Sichuan People's Art Theatre
Teahouse
Theatre 
15–16 Feb 2020
Sichuan People's Art Theatre
Teahouse
Theatre 
15–16 Feb 2020
攝影李文婷
攝影李文婷
攝影李文婷
攝影李文婷
Sichuan People's Art Theatre
Teahouse
Theatre 
15–16 Feb 2020

Sichuan People's Art Theatre
Teahouse

Following his critically acclaimed staging of Hamlet at the 2019 HKAF, director Li Liuyi brings local audiences another thought-provoking adaptation: Lao She’s Teahouse, a sweeping portrait of the forces of modernity told in three acts of history.

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Following his critically acclaimed staging of Hamlet at the 2019 HKAF, director Li Liuyi brings local audiences another thought-provoking adaptation: Lao She’s Teahouse, a sweeping portrait of the forces of modernity told in three acts of history.
“Classic works should live on, on the stages of every generation. They shouldn’t be left to collect dust on our bookshelves.” Li Liuyi

Following his critically acclaimed staging of Hamlet at the 2019 HKAF, director Li Liuyi brings local audiences another thought-provoking adaptation: Lao She’s Teahouse, a sweeping portrait of the forces of modernity told in three acts of history.

Written to general praise in 1957 at the height of the Hundred Flowers Movement, the play was performed only twice by the Beijing People’s Art Theatre before falling prey, like its author, to the fervour of the Cultural Revolution. Spanning some fifty years—from the twilight of the crumbling Qing dynasty to the dawn of the Warlord Era and society’s turning tides post-WWII—Teahouse follows the fortunes of the patrons and proprietors of the city’s last remaining traditional teahouse. Voices mingle, tensions brew, and affairs of state never leave the ordinary life untouched.

Since its revival in the 1970s, Teahouse has remained a stalwart of modern Chinese theatre, appearing faithful to its original on stages worldwide; it is only recently that creatives have attempted giving the classic a contemporary revamp. Li Liuyi’s new version transplants the iconic tale from Beijing to the rich tea culture of Chengdu, infusing Lao She’s Beijing-dialect original with the wit and force of Sichuanese inflections. With a new ending, extended timeline and expanded cast, Teahouse pays homage to the life of the work and its author with a touch of spice to bring out all the intricate flavours of the original.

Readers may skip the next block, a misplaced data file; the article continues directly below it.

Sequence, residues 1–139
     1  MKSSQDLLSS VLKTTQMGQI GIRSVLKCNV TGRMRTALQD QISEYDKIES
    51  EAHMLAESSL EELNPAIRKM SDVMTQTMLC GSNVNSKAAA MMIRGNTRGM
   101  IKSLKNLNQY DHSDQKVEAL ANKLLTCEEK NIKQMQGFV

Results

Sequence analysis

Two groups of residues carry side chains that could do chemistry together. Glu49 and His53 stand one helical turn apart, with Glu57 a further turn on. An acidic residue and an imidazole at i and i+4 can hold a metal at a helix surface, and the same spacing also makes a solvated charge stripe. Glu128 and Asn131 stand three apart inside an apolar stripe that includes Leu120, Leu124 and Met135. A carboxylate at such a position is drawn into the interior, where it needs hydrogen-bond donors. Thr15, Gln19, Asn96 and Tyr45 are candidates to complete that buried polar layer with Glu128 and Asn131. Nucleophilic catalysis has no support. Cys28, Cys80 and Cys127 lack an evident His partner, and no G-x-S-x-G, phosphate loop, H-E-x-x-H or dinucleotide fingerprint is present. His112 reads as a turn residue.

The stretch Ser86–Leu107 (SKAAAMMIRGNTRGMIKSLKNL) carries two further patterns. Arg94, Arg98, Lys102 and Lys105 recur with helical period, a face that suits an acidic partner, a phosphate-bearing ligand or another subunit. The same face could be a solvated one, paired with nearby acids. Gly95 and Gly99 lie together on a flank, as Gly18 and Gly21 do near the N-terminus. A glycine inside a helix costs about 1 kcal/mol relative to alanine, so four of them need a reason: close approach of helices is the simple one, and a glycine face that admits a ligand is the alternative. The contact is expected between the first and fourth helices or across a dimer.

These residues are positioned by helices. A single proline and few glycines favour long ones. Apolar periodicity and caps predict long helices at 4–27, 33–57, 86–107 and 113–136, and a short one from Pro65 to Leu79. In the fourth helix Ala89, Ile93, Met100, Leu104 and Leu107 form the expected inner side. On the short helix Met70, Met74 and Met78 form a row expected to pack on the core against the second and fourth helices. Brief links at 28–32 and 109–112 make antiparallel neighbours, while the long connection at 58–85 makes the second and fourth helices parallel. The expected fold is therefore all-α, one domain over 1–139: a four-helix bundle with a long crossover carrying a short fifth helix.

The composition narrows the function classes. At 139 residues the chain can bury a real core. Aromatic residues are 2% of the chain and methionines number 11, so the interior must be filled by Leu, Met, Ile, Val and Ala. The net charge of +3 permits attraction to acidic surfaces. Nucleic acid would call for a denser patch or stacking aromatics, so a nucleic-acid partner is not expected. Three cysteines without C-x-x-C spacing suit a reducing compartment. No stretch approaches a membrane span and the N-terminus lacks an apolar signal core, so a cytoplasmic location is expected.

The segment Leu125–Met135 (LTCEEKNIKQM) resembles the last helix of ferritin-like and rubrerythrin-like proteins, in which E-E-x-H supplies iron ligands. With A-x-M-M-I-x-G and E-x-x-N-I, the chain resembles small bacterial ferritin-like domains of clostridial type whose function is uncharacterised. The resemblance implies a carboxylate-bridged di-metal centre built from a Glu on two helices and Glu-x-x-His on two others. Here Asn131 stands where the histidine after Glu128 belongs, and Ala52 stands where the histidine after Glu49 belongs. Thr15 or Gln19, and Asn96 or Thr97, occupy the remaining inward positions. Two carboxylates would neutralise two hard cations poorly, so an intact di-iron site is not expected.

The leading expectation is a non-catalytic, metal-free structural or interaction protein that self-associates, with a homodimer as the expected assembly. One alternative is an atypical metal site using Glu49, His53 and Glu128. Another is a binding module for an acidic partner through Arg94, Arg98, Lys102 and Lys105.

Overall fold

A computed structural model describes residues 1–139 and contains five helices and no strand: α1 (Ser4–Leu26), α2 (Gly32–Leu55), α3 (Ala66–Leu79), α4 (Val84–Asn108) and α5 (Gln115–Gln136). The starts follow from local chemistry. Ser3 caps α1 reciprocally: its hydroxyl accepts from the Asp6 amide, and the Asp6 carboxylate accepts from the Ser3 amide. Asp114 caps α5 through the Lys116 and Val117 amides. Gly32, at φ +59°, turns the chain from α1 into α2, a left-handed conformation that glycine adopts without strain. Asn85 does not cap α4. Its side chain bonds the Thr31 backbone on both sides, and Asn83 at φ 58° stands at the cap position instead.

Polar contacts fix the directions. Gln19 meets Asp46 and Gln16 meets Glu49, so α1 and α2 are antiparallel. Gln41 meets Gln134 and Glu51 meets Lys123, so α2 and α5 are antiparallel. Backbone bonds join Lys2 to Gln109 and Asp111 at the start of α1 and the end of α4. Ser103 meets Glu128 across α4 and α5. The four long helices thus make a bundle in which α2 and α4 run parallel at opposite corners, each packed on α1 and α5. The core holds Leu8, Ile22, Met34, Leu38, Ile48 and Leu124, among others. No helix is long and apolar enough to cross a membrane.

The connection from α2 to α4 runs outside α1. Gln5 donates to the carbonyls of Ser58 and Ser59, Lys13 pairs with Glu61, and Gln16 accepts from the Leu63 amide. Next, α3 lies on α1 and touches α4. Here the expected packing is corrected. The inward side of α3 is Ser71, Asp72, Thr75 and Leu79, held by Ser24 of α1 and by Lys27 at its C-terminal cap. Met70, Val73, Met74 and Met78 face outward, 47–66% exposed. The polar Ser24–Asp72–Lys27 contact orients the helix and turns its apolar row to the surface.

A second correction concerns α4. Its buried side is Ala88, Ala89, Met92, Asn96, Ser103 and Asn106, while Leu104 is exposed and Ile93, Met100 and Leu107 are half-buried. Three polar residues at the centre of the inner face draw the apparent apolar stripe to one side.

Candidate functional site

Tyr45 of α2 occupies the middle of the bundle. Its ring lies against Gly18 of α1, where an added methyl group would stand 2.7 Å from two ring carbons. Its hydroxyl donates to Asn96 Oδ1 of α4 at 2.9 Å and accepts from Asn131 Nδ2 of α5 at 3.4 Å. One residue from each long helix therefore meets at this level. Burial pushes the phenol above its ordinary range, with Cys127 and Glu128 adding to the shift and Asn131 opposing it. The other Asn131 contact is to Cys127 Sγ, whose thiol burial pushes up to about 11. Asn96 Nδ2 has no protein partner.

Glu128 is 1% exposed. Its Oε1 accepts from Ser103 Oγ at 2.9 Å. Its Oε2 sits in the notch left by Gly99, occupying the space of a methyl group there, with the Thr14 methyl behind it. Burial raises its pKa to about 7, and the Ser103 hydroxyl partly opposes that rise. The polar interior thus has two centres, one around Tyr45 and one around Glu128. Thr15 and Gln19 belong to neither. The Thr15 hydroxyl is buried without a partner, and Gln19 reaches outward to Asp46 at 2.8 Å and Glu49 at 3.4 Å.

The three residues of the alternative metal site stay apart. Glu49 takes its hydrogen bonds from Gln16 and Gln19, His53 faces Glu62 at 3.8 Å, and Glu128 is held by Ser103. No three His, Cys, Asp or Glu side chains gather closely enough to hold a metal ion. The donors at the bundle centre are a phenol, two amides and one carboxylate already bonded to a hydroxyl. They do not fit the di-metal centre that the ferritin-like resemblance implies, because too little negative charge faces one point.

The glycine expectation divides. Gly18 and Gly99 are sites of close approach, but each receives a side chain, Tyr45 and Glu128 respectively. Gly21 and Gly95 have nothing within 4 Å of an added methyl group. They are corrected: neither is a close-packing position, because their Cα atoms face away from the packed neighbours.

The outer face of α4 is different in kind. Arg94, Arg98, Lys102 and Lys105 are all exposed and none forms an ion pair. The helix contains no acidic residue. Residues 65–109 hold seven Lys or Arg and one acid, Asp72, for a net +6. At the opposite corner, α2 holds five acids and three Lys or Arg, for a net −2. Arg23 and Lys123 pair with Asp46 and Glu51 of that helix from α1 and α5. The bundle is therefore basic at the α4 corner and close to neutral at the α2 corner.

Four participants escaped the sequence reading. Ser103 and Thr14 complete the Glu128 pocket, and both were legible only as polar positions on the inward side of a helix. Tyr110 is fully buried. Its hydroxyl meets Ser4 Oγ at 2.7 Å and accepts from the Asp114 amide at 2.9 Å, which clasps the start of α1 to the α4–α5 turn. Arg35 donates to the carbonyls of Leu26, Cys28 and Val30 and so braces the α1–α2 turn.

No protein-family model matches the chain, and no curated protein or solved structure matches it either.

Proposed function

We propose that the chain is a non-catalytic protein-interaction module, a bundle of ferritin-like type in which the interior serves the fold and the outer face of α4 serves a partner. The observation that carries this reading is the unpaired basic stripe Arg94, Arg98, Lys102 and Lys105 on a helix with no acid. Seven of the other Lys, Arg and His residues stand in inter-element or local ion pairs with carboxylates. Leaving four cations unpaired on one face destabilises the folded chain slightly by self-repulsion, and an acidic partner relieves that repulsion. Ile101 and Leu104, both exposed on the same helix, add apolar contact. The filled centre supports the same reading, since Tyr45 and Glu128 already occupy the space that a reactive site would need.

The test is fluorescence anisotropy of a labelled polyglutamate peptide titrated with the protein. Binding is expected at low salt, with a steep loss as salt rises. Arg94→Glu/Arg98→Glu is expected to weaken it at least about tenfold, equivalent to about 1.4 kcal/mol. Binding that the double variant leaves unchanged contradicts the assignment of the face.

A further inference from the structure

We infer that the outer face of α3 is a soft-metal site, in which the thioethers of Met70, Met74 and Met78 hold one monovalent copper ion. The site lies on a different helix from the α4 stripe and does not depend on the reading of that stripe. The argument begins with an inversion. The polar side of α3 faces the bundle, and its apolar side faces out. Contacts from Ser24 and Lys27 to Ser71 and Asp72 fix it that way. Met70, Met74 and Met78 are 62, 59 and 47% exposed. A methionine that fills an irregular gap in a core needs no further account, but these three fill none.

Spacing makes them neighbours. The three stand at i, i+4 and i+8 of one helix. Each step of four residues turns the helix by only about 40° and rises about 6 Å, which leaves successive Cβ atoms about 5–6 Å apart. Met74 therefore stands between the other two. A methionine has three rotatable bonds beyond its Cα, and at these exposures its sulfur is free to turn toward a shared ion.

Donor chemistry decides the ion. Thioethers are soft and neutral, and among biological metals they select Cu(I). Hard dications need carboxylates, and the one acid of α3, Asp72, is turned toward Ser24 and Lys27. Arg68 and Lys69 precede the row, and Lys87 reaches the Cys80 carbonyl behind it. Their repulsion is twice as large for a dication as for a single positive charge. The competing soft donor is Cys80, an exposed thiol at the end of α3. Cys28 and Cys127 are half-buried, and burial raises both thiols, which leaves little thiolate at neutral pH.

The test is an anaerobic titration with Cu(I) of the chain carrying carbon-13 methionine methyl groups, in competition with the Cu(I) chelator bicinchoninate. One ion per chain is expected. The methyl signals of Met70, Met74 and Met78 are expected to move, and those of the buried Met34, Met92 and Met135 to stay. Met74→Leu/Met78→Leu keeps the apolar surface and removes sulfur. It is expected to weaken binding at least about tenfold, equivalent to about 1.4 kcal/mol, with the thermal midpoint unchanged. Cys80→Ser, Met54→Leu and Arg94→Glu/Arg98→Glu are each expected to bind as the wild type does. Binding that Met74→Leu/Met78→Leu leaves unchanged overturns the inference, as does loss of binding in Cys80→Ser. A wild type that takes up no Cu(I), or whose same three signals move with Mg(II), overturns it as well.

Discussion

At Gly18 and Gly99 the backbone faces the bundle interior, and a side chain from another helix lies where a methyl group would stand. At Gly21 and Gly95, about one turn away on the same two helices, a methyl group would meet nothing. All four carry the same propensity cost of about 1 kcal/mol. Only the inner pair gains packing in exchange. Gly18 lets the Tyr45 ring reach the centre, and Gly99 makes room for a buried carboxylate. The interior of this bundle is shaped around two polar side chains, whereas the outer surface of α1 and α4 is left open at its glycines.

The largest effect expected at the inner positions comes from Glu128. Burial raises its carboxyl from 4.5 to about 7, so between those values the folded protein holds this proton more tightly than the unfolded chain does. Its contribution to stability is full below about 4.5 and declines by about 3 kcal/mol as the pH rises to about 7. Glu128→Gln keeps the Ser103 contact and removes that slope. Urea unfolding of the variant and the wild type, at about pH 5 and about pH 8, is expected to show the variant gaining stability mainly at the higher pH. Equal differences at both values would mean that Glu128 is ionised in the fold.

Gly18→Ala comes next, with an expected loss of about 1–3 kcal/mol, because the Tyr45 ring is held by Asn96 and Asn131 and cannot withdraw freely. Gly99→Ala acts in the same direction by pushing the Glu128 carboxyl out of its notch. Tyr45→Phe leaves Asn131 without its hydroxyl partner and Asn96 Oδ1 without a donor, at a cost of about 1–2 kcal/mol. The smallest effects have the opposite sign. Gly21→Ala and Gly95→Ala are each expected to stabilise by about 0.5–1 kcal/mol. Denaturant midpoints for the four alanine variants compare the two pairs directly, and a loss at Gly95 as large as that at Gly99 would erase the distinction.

Playwright 
Lao She 

Director
Li Liuyi
About
“Classic works should live on, on the stages of every generation. They shouldn’t be left to collect dust on our bookshelves.” Li Liuyi

Following his critically acclaimed staging of Hamlet at the 2019 HKAF, director Li Liuyi brings local audiences another thought-provoking adaptation: Lao She’s Teahouse, a sweeping portrait of the forces of modernity told in three acts of history.

Written to general praise in 1957 at the height of the Hundred Flowers Movement, the play was performed only twice by the Beijing People’s Art Theatre before falling prey, like its author, to the fervour of the Cultural Revolution. Spanning some fifty years—from the twilight of the crumbling Qing dynasty to the dawn of the Warlord Era and society’s turning tides post-WWII—Teahouse follows the fortunes of the patrons and proprietors of the city’s last remaining traditional teahouse. Voices mingle, tensions brew, and affairs of state never leave the ordinary life untouched.

Since its revival in the 1970s, Teahouse has remained a stalwart of modern Chinese theatre, appearing faithful to its original on stages worldwide; it is only recently that creatives have attempted giving the classic a contemporary revamp. Li Liuyi’s new version transplants the iconic tale from Beijing to the rich tea culture of Chengdu, infusing Lao She’s Beijing-dialect original with the wit and force of Sichuanese inflections. With a new ending, extended timeline and expanded cast, Teahouse pays homage to the life of the work and its author with a touch of spice to bring out all the intricate flavours of the original.
Creatives
Playwright 
Lao She 

Director
Li Liuyi